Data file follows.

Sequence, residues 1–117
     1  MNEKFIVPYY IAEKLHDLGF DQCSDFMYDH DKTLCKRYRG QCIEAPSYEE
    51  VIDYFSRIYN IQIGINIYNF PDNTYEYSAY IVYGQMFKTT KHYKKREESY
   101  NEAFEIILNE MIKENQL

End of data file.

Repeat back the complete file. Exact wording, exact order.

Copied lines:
Sequence, residues 1–117
     1  MNEKFIVPYY IAEKLHDLGF DQCSDFMYDH DKTLCKRYRG QCIEAPSYEE
    51  VIDYFSRIYN IQIGINIYNF PDNTYEYSAY IVYGQMFKTT KHYKKREESY
   101  NEAFEIILNE MIKENQL